"Drag ain't a hobby, baby ... Drag is a protest. Drag is a raised fist in a sequined glove."
Tart-tongued Rexy delivers that declaration to neophyte Casey late in "The Legend of Georgia McBride," Matthew Lopez's comedy about the making of a drag queen in its Chicago-area premiere at Skokie's Northlight Theatre.
"The Legend of Georgia McBride"★ ★ ½
Location: Northlight Theatre, North Shore Center for the Performing Arts, 9501 Skokie Blvd., Skokie, (847) 673-6300 or northlight.org
Showtimes: 1 and 7:30 p.m. Wednesday; 7:30 p.m. Thursday; 8 p.m. Friday; 2:30 and 8 p.m. Saturday; 2:30 p.m. Sunday through Oct. 22. Also 7:30 p.m. Oct. 17. No shows at 7 p.m. Oct. 8 and 1 p.m. Oct. 11.
Running time: About one hour, 45 minutes, no intermission
Parking: Free parking in the lot and garage adjacent to the theater
Rating: For adults; contains mature subject matter and language
That statement is accompanied by references to ACT UP, an advocacy group formed in 1987 to assist people with AIDS, and Stonewall, a 1967 uprising at a gay bar in Greenwich Village that sparked the LGBTQ rights movement. The scene involves an experienced drag performer schooling a newcomer, who knows nothing about the art form or its legacy. It's a sobering moment in this sassy, sentimental but unsurprising play, which never really goes beyond the superficial.
That's a shame because, as "The Legend of Georgia McBride" suggests, there is more to drag performance than glittering costumes, sky-high heels and the ability to lip sync.
We first meet cash-strapped Casey (the affable, unaffected Nate Santana) at Cleo's, a down-at-heel, Florida Panhandle bar where he earns a few bucks lip syncing Elvis Presley hits. Paying the bills falls to Casey's long-suffering, ever-loving wife Jo (Leslie Ann Sheppard), who supports them with money she makes waitressing. However, her unexpected pregnancy makes their financial situation even more precarious. Casey figures he'll do more shows, but Cleo's curmudgeonly owner Eddie (Keith Kupferer) has other ideas.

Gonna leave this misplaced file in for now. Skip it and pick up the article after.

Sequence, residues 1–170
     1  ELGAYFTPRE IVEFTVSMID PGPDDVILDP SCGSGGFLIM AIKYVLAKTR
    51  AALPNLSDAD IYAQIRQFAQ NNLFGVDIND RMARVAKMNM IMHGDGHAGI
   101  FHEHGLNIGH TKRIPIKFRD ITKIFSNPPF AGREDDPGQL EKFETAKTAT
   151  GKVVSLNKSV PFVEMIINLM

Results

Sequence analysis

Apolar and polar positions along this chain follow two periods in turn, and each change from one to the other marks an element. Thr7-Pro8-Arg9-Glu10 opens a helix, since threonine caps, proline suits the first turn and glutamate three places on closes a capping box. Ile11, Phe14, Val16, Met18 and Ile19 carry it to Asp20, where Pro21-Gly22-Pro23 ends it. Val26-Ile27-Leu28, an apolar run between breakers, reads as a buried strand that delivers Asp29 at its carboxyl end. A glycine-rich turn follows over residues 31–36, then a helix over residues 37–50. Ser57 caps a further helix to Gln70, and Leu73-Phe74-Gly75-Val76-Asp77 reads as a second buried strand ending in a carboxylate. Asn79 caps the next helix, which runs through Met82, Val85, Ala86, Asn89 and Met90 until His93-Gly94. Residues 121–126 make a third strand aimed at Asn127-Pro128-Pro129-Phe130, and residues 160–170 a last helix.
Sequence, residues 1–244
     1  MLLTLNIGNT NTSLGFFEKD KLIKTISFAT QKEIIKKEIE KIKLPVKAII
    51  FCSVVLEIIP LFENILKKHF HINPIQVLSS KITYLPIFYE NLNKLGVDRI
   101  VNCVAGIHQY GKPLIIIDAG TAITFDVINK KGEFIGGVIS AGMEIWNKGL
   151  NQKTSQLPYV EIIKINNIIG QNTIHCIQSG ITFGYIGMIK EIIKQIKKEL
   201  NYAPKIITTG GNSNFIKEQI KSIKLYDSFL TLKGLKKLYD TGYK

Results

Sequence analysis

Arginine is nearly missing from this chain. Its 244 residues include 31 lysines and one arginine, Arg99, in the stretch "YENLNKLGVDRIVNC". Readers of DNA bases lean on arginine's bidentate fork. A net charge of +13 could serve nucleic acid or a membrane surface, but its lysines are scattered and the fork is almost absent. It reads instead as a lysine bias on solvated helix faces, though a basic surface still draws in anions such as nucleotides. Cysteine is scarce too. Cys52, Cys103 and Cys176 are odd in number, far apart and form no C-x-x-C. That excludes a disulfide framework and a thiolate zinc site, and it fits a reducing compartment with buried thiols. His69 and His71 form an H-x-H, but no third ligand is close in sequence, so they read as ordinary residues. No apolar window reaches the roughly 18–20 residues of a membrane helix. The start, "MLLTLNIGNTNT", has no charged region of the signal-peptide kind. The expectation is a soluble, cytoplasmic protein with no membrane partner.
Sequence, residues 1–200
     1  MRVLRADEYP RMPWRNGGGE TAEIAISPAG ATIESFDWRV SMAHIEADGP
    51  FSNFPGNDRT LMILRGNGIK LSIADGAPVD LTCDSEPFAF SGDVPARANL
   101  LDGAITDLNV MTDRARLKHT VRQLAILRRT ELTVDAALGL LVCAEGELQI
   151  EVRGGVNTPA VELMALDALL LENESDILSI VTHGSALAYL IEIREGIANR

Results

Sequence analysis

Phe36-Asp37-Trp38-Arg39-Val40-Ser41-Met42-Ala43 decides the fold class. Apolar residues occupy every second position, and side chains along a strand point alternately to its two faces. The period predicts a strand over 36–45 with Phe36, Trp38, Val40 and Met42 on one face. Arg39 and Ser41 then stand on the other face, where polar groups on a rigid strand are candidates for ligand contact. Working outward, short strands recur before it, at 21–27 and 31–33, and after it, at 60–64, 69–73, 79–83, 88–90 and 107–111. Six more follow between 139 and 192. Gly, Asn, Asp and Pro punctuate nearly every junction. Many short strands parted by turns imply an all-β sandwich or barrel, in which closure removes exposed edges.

In a bid to attract patrons, Eddie trades his King for a pair of "queens": the divine Miss Tracy Mills (a warm, generous Sean Blake) and her more prickly counterpart Rexy (Jeff Kurysz). But there's no room for Elvis in Tracy's show, which relies mostly on impressions of Tina Turner, Barbra Streisand and Judy Garland (snazzily attired by Rachel Laritz, whose attractive costumes reflect drag queens on a budget).
Casey takes a job tending bar, until Rexy shows up intoxicated and unable to perform. Tracy convinces Casey to take Rexy's place. Dressed in black, wearing high heels and a frosted wig, Casey plays French chanteuse Edith Piaf, lip syncing to a tune he doesn't know, using a phrase that can't be printed in a family newspaper.
Needless to say, a star is born.
With Tracy's help (and without his wife's knowledge), Casey creates his alter-ego, a country-western diva named Georgia McBride. While Tracy conjures Tina, Barbra and Judy, Georgia channels Dolly Parton and Shania Twain. The show's a hit. The bar is saved. And all is well, until Rexy returns and Jo discovers the role her husband has been playing.
Lopez's feel-good tale comes with some funny jokes and wry quips. But it makes few demands. Several moments -- Blake's quietly moving declaration of Tracy's hard-won self-acceptance and Kurysz's impassioned speech on drag's legacy -- suggest Lopez has more weighty issues on his mind. But they remain unexplored.
That said, director Lauren Shouse's production benefits from her cast -- especially Santana, Kurysz and Blake (who comes across as a kinder, gentler Mamma Rose). The three embrace these drag queens with the enthusiasm and respect they deserve.